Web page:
Independence Day: Resurgence (2016)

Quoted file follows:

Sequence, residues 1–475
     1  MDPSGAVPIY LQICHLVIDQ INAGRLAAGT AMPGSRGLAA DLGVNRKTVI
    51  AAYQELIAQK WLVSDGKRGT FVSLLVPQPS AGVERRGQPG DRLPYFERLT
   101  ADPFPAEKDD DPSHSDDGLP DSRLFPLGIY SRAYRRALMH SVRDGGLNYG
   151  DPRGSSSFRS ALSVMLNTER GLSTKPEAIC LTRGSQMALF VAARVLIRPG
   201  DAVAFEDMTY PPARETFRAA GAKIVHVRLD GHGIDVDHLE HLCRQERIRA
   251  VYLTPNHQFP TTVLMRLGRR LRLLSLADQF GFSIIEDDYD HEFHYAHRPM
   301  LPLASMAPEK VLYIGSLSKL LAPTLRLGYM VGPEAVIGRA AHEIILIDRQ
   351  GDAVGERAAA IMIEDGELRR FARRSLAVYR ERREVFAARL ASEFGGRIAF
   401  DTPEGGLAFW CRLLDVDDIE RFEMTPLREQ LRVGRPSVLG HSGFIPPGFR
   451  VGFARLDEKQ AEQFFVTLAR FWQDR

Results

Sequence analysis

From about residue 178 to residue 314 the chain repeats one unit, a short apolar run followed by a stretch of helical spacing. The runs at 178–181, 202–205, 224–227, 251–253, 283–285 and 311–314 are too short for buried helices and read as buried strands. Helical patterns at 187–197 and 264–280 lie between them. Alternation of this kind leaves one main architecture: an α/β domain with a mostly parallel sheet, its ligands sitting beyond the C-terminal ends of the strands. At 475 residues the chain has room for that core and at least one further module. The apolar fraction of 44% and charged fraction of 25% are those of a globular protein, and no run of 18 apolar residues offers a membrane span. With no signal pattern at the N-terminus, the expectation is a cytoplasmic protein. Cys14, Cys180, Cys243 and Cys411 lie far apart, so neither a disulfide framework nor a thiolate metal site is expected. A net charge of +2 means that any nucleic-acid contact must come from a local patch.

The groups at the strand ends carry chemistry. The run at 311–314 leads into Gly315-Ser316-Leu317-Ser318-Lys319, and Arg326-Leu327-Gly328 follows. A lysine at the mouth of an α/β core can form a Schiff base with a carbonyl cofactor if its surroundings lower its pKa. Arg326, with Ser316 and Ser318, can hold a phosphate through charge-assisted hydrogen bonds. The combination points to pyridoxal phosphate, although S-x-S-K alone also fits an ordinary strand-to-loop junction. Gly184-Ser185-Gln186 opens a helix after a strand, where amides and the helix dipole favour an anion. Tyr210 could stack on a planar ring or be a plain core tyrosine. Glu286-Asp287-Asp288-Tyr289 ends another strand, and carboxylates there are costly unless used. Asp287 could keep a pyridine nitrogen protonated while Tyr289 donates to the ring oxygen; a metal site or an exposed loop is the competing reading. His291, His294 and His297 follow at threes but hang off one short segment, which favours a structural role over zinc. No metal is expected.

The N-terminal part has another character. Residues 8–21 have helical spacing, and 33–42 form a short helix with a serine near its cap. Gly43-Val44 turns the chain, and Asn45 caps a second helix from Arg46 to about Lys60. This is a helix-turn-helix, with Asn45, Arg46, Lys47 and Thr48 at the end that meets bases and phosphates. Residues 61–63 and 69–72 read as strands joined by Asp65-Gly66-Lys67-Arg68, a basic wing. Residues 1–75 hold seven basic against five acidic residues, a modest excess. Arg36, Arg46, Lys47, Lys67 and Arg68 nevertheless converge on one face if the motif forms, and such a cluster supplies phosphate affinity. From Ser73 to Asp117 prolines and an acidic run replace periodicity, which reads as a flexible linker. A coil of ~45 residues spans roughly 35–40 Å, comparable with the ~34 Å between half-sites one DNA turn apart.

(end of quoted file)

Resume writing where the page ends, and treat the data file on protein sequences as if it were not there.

(On Cable TV, March 2017) I will reluctantly concede a certain audacity in drafting a follow-up to Independence Day twenty years after the first film. In positing a fictional universe advanced by twenty years of international co-operation and repurposed alien technology, Resurgence takes us in relatively new territory as far as alien invasion films are concerned: As much science fictional on the human side as the alien side, rebalancing the usual power dynamics of the situation. Unfortunately, this ends up being largely window-dressing for bigger action sequences: the lunar tripwire gets ripped quickly, and it doesn’t stop a spectacular disaster sequence from picking up Abu Dhabi and dropping it on London (no, really). Twenty years later, advances in special effects technology do look like alien technology to 1996 state-of-the-art, and if Resurgence definitely has something going for it, it’s the quality of its special effects. As anyone would have anticipated, however, this doesn’t necessarily mean that the rest of the film is as good. While the script does acknowledge its own absurdity (“They do go for landmarks”, says Jeff Goldblum as famous monuments are destroyed), it doesn’t quite manage to build an interesting cast of characters, nor take us on a steadily engrossing adventure. In fact, the fan-service calling back the first movie does get annoying at time, hampering the film from managing something better than another battle on the desert flats. Among the cast, Jeff Goldblum is very enjoyable as an older but just as cynical version of his character in the first film, William Fichtner is exactly what’s needed as a solid military figure, Maika Monroe almost makes us forget that she’s taking over Mae Whitman’s role. Will Smith is sorely missed, with no one quite managing to step up as a replacement. As a catastrophe movie, the large-scale destruction is what director Roland Emmerich usually does best, and so Resurgence at least delivers on those expectations. Still, it does have enough promising elements to be disappointing in the way it puts them all together. There may or may not be another sequel, but the movie works hard at ensuring that we wouldn’t care one way or the other.

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